Adaptive and maladaptive roles for ChREBP in the liver and pancreatic islets.
Excessive sugar consumption is a contributor to the worldwide epidemic of cardiometabolic disease. Understanding mechanisms by which sugar is sensed and regulates metabolic processes may provide new opportunities to prevent and treat these epidemics. Carbohydrate Responsive-Element Binding Protein (ChREBP) is a sugar-sensing transcription factor that mediates genomic responses to changes in carbohydrate abundance in key metabolic tissues. Carbohydrate metabolites activate the canonical form of ChREBP, ChREBP-alpha, which stimulates production of a potent, constitutively active ChREBP isoform called ChREBP-beta. Carbohydrate metabolites and other metabolic signals may also regulate ChREBP activity via posttranslational modifications including phosphorylation, acetylation, and O-GlcNAcylation that can affect ChREBP's cellular localization, stability, binding to cofactors, and transcriptional activity. In this review, we discuss mechanisms regulating ChREBP activity and highlight phenotypes and controversies in ChREBP gain- and loss-of-function genetic rodent models focused on the liver and pancreatic islets.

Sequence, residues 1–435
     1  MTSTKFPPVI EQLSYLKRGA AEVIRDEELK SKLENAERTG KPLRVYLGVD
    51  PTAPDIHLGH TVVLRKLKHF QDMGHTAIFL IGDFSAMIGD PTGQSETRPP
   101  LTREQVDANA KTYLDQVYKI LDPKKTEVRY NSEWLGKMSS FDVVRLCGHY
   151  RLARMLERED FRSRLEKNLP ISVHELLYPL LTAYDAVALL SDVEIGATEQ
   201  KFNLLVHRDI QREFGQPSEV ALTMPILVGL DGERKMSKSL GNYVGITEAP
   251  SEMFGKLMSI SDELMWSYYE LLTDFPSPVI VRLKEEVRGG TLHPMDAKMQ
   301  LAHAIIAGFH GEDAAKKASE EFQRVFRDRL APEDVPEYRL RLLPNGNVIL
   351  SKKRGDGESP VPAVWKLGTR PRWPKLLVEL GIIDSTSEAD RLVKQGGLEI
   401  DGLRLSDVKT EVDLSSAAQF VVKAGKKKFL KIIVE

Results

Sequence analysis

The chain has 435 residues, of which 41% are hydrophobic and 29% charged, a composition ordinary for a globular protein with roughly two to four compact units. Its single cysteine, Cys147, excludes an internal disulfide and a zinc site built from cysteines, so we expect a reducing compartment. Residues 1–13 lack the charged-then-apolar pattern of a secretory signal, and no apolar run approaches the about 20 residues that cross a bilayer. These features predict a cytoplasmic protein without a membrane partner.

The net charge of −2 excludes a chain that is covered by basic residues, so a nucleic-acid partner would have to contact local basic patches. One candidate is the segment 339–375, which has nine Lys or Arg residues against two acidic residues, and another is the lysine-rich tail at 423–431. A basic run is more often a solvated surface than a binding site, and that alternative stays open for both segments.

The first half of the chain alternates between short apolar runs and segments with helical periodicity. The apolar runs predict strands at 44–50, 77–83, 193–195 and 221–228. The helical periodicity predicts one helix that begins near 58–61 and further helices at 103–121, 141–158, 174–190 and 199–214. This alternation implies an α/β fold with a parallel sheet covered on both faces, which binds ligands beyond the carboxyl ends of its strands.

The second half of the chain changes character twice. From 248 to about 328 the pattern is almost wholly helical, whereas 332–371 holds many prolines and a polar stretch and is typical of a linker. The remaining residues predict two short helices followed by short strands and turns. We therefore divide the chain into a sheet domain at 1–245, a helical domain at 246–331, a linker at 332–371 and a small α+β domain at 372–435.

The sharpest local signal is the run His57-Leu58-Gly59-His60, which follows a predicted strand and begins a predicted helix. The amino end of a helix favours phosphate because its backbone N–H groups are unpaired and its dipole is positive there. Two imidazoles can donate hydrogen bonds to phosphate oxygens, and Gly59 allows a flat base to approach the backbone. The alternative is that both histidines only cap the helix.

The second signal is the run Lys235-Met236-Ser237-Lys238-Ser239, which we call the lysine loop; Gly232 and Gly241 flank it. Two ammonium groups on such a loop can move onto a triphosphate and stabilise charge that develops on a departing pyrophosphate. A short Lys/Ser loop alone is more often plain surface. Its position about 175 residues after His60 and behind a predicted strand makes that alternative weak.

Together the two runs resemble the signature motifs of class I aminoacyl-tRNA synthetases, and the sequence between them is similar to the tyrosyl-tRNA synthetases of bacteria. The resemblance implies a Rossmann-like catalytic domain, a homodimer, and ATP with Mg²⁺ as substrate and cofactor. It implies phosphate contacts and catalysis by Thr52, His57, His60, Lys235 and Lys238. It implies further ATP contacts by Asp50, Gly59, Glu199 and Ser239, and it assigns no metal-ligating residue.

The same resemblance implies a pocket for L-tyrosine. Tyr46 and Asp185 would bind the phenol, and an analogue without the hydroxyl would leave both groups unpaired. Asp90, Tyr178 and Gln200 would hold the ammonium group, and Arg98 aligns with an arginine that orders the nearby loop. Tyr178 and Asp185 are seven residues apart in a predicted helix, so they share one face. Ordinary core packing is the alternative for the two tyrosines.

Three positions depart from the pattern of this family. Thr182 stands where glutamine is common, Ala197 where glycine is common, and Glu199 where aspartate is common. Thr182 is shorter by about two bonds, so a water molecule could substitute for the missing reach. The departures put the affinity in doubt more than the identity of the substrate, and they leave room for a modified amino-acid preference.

Katz, LS; Baumel-Alterzon, S; Scott, DK; Herman, MA
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